Page:Southern Historical Society Papers volume 25.djvu/353

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Appomattox until General Lee canu- with the Army of Northern Virginia. During that pi-riod ( icneral Colston kept the enemy at bay, ami ivprlU-d several assaults upon our lines; in one of which his horse was shot.

In August, 1864, he was placed in command of the city of Lynch- burg, and ordered to strengthen its defences. There he remained on duty until after the surrender, holding the city committed to his keeping.

In every field of duty General Colston served with distinguished gallantry, fidelity and ability.

After the war he was without resources, except his intellect, attain- ments and character. He delivered lectures in Baltimore, Richmond. Raleigh and other cities, on the life and character of his colleague, friend and commander, Stonewall Jackson. Later he established in Wilmington, N. C., a military academy in the midst of the officers and men whose brigade commander he had once been, and conducted it successfully until March, 1873, when he accepted military service under the Khedive of Egypt, as one of his general staff", with a rank equivalent to that of colonel, to aid in the organization and discipline of his army.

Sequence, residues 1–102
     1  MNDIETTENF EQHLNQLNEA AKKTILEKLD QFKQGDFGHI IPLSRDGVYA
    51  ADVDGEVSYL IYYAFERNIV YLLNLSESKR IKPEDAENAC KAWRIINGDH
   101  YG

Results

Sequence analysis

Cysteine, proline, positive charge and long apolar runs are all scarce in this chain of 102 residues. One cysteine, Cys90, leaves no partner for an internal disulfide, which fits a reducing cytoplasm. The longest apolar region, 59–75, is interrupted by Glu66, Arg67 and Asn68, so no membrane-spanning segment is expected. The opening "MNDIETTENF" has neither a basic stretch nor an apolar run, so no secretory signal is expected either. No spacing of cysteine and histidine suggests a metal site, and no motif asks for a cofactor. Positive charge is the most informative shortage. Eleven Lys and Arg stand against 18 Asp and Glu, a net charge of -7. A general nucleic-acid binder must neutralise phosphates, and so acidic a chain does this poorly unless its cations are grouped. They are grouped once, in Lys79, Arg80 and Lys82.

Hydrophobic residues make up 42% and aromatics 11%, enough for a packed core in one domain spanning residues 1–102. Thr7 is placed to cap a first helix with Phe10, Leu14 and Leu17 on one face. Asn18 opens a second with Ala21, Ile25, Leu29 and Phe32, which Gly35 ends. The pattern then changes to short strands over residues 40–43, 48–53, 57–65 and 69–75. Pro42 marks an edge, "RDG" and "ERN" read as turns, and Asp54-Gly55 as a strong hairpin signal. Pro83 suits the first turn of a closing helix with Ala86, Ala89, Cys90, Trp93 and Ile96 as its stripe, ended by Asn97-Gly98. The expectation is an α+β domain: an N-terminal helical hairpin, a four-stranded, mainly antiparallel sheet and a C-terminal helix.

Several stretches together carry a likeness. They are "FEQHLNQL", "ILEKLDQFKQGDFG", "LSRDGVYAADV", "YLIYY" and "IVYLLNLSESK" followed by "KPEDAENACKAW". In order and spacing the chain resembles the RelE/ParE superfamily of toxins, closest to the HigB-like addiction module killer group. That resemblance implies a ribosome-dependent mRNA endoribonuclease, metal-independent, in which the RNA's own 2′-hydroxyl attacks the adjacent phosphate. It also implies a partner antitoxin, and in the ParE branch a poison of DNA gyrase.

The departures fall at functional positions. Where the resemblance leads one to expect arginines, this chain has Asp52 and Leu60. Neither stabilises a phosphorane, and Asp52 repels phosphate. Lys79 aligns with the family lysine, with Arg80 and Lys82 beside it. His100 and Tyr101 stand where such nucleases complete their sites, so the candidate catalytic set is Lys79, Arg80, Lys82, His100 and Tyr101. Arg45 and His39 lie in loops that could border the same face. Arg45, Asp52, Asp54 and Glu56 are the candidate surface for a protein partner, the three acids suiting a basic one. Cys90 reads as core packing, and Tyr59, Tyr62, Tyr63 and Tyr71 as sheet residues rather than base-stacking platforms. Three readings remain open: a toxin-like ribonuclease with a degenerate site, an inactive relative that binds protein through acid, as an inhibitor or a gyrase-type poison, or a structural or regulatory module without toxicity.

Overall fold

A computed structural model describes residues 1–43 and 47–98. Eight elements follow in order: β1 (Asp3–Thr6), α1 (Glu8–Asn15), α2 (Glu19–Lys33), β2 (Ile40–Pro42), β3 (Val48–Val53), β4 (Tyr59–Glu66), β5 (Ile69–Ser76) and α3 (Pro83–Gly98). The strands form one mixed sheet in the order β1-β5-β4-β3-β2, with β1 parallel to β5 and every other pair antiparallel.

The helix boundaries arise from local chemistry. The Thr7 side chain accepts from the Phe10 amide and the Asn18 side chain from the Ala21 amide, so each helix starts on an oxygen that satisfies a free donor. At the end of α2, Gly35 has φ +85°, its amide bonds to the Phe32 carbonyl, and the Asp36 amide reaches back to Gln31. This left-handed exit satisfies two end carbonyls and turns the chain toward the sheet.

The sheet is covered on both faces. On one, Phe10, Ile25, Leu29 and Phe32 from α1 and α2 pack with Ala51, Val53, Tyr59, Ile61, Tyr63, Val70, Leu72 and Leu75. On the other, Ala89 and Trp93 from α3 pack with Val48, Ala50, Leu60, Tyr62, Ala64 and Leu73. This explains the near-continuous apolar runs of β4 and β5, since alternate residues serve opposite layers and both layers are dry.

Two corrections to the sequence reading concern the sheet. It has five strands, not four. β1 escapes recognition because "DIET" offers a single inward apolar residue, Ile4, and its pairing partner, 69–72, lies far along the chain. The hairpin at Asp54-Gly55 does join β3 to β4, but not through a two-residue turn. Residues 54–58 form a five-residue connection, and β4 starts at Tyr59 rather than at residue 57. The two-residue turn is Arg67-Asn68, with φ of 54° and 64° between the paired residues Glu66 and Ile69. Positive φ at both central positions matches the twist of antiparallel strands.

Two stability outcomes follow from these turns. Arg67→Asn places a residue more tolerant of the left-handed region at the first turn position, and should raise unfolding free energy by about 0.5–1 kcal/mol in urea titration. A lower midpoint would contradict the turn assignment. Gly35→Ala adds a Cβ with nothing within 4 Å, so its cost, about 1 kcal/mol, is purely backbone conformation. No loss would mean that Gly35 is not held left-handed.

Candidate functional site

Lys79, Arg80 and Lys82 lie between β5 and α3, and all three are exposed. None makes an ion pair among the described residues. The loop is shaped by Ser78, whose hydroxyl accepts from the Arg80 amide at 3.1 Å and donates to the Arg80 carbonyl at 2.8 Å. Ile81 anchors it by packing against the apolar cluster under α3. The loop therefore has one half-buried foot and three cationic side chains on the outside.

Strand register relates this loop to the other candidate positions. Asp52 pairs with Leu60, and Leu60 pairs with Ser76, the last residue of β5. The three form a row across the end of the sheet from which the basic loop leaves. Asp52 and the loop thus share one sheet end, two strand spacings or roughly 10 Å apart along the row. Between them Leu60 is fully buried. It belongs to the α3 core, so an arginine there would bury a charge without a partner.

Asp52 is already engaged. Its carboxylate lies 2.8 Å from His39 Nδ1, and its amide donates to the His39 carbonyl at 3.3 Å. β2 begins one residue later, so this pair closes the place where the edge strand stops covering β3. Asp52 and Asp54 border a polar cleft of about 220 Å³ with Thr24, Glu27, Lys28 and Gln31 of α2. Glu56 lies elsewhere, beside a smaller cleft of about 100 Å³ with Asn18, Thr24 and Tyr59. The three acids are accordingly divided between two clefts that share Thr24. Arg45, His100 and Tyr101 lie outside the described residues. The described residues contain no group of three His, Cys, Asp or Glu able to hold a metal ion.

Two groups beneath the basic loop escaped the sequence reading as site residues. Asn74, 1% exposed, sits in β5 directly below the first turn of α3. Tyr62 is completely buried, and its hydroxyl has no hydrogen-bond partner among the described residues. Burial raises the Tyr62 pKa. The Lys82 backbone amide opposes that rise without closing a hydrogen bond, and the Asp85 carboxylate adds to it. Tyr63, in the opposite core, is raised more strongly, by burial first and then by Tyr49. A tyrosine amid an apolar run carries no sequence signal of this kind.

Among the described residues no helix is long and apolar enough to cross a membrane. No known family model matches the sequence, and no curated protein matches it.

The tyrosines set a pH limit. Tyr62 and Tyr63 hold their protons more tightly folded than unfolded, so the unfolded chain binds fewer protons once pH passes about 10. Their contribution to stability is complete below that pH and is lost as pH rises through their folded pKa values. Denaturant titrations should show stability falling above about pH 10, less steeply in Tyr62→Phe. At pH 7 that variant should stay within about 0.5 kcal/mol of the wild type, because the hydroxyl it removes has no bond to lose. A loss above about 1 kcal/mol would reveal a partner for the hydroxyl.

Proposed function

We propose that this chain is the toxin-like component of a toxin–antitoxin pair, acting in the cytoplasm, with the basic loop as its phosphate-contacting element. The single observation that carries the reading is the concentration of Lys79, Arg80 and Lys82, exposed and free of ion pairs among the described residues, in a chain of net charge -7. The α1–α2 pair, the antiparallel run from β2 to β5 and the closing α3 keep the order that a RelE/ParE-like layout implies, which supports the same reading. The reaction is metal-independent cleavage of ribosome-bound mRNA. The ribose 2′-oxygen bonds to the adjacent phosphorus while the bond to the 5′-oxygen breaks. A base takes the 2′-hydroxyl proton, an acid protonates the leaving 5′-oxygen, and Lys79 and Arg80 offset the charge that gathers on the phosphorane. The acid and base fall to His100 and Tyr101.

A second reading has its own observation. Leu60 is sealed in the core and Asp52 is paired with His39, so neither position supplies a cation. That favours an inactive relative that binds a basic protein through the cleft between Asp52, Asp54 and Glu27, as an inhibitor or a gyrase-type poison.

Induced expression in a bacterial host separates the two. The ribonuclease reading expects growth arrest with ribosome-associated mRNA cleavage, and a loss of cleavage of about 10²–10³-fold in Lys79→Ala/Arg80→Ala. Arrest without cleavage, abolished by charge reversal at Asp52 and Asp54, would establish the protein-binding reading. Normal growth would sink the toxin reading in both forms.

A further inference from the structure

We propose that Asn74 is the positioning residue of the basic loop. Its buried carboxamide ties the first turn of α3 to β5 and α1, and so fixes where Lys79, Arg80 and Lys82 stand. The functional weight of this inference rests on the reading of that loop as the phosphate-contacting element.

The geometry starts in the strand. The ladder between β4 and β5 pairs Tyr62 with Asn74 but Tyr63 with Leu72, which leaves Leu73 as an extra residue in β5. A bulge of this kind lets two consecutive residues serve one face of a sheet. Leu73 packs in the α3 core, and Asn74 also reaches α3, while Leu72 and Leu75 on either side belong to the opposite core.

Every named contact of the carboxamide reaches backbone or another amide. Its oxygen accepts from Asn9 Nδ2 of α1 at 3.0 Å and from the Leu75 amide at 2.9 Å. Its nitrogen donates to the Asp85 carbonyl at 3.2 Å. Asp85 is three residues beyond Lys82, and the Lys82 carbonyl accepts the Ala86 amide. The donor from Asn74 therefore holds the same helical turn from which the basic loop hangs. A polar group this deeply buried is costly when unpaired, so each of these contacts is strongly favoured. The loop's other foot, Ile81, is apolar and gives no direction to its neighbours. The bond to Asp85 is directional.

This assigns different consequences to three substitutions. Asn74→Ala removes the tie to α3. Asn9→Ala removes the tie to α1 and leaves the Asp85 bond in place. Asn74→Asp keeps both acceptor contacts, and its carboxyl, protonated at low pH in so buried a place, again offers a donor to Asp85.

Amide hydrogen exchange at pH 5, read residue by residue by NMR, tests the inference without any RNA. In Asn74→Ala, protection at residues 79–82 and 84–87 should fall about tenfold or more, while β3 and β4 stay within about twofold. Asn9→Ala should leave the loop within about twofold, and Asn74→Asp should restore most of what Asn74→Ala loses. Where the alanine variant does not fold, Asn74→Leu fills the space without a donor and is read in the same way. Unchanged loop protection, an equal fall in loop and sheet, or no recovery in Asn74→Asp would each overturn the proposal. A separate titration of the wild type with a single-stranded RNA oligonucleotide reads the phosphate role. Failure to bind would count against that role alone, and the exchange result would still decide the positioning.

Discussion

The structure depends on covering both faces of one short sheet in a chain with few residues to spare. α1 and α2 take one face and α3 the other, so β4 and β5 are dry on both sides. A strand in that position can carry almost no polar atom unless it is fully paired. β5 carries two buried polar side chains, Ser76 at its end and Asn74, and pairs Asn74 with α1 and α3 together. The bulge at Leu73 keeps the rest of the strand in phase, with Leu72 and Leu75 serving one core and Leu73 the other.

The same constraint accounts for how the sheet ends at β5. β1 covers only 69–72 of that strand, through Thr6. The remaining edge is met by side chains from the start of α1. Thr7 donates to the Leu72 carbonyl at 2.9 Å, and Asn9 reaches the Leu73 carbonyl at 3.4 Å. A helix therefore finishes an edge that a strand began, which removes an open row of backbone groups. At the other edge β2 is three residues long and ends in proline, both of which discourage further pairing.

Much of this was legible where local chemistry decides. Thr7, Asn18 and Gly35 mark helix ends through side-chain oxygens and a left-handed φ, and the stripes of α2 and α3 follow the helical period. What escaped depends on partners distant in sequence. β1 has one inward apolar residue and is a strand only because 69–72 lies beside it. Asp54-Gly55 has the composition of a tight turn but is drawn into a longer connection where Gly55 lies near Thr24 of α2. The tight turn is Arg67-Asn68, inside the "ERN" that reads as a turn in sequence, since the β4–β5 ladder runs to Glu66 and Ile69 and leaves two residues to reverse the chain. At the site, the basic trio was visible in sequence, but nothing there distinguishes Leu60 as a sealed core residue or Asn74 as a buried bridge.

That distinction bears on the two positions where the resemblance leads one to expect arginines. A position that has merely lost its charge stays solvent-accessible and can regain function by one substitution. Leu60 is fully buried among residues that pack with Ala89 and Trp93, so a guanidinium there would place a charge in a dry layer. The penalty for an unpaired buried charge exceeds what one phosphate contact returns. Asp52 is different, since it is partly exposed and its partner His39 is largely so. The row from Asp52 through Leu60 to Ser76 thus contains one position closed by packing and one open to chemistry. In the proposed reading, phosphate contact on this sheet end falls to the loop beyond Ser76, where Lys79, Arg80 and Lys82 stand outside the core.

Colston continued in that service until 1879, when he resigned; England having assumed control of Egypt and required the Khe- dive to reduce his army and discharge his American officers. Dur- ing that period he commanded two expeditions of great importance sent for the exploration of the great south country lying between Egypt and the equator. The first occupied him from October, 1873, to May, 1874; the second from 1874 to 1876. His services in these ex- peditions, for which his scientific attainments, and his capacity and experience as a soldier eminently fitted him, were very valuable and were highly appreciated by his government. To attest the esteem and honor in which General Colston was' held, the Khedive obtained for him from the Sultan, the firman and decoration of " Knight Commander of the Turkish Imperial Order of the Osmanieh;" a distinction which is never granted except for eminent and merito- rious public services.

During the last expedition he was called upon to exhibit the high- est virtues which ever adorn mankind. Marching with his command over deserts of sand, hundreds of miles in extent, with watering places distant four or five days journey apart, under the burning rays of a tropical sun, and in a temperature reaching sometimes 160 de- grees, General Colston became ill. He was also thrown from his